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Re: toArray() method for array-like DOM list objects

From: Marat Tanalin | tanalin.com <mtanalin@yandex.ru>
Date: Fri, 23 Dec 2011 20:13:47 +0400
To: Boris Zbarsky <bzbarsky@mit.edu>
Cc: www-dom@w3.org
Message-Id: <679711324656827@web142.yandex.ru>
23.12.2011, 05:33, "Boris Zbarsky" <bzbarsky@MIT.EDU>:
> On 12/22/11 6:57 PM, Marat Tanalin | tanalin.com wrote:
>
>> šIt's very questionable why someone should want to convert Array to same Array.
>
> Because they don't want to have to worry about whether the caller passed
> in the result of some jQuery operation or some DOM nodelist.
>
> I think you're assuming that the same person is writing the caller in
> both the caller and callee. šThis is generally a bad assumption in my
> experience.

Well, it's probably somewhat reasonable, indeed.

>> šThat would be just waste of computer power and should not be allowed anyway.
>
> Why the heck not?

It's just my opinion according to (as I believe) common sense. 

>> šBy the way, that's what is the key difference between what Array.slice() is intended for and its workaround use for arrayLike-to-Array conversion. Calling Array.slice(0) is exactly as pointless as Array.toArray() would be.
>
> It's not pointless at all: it make a copy of the input array, that you
> can then modify as desired without messing up the object the caller sees.

Actually, this is workaround use of slice() too: for making a copy of an array, we should have dedicated clone() method intended exactly to make Array copies and thus is more intuitive than slice() for this specific purpose.

>>> šOr this object:
>>> ššššš{ length: 2, 0: "a", 1: "b" }
>> šResult of calling Array.prototype.slice.call() for this object is unlikely to be desired:
>> š[a,b]
>
> Why is that unlikely to be desired? šThat's exactly the Array object
> that has the same behavior when iterated from 0 to length as the
> original array.

We have assotiative-array-like object with three items, but, after "converting" to Array, resulting Array contains two items. I think this is bad consequence of too much abstraction of Array-like definition based on length property existence.

>> šDirect conversion to Array is probably just inapplicable here.
>
> Why not?

Array is list thing while assotiative-array-like object is map. They're just not equivalent things that can be freely converted to each other lossless way.

>>> šI doubt you're really appreciate NodeList and HTMLCollection having
>>> šdifferent APIs, even if they were documented...
>> šOh, NodeList and HTMLCollection are actually nearly identical things from web-developers point.
>
> Precisely. šBut how is [a, b] really different from { length: 2, 0: "a",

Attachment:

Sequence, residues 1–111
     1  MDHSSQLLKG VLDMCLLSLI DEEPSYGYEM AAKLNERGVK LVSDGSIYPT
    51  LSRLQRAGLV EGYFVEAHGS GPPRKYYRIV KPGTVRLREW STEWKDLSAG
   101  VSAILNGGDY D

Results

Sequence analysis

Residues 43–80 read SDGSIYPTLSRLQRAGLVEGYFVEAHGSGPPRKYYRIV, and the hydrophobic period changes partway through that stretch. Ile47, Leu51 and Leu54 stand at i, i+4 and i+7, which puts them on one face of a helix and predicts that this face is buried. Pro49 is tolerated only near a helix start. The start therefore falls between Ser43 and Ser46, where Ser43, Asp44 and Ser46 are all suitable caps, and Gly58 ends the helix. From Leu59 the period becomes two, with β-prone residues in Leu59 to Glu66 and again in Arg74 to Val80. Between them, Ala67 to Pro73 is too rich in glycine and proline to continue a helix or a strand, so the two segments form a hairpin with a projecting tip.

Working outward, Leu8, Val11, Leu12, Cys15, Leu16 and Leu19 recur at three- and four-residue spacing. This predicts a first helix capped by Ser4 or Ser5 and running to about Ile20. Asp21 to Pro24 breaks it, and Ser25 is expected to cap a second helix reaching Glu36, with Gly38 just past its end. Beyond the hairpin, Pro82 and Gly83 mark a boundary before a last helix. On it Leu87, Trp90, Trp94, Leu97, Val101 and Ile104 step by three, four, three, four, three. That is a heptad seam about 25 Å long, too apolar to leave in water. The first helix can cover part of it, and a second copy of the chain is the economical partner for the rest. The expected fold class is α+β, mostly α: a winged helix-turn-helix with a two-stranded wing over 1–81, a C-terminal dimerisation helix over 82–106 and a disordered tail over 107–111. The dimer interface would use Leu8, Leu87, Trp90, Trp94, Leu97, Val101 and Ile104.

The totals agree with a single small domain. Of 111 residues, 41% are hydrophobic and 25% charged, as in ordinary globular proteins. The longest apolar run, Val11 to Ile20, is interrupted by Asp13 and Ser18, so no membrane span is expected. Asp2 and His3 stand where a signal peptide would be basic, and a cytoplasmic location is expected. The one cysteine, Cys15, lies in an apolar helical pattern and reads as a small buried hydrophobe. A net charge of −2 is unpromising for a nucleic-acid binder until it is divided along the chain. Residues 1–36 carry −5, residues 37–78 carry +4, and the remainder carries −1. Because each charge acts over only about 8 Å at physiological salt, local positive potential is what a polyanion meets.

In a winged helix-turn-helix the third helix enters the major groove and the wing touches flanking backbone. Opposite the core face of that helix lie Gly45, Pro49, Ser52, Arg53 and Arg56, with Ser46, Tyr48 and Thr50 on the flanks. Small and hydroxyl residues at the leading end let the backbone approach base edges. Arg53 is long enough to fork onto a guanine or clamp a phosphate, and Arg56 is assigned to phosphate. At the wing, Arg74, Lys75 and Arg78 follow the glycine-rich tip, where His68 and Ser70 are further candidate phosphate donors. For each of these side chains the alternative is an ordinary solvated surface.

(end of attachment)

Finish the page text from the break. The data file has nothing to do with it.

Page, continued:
> 1: "b" } from a web-developer perspective?

We actually should compare DOM list with Array, not array with assotiative-array-like object. Generation of DOM lists is outside of web-developer control, that's why we need a convenient way to convert it to Array.

>>> šThis ambiguity already exists for numbers, yes? šWhy is a separate
>>> šargument not needed there, apart from the "it's always been that way"
>>> šargument.
>> šWhat exact ambiguity do you mean as for numbers? Could you provide an example?
>
> Sure. šWhat do you think
>
> šššnew Array(5)
>
> does? šHow does that compare to
>
> šššnew Array("x")
>
> ?

Never used such (new Array(5)) code. For Arrays, we have convenient different syntax that has more consistent and predictable behavior: [5].

>>> šIt would be better for cases when you're working with arbitrary
>>> šarraylikes which may or may not be nodelists, for sure.
>> šWell, I see. I'm talking about DOM here, though.
>
> But the DOM is not used in isolation. šYou're talking about converting
> DOM nodelists to arrays. šOnce you've done that, you have a mix of
> nodelists and arrays floating around; ideal APIs would not differentiate
> between the two.

Exactly. DOM lists as own DOM's Array analogue are quite evil. "Live" nature of DOM lists is very rarely (never?) used in real world. I would prefer to have native Array as result of any DOM functions like getElementsByTagName(), querySelectorAll(), etc. (by the way, querySelectorAll() is not even live, but all the same is still unusable non-native array). But since DOM is too isolated, it's authors have invented their own array type, and that's why we have current subject issue. Since DOM is guilty of this situation, then it's logical to expect the issue to be resolved on DOM itself side too.

>> šBy the way, didn't you consider having several ways to achieve same result? For example, we could have both domList.toArray() and Array.import() methods simultaneously.
>
> Having multiple APIs for the same thing is generally considered an
> antipattern, yes.

Well, maybe, but in real-world programming we often have multiple ways to do same things. For example, we have two jQuery methods .before() and .insertBefore() that effectively do same thing, but each one can provide more clear/intuitive code in different situations. This is usually called syntax sugar and is quite useful in practice.
Received on Friday, 23 December 2011 16:14:22 GMT

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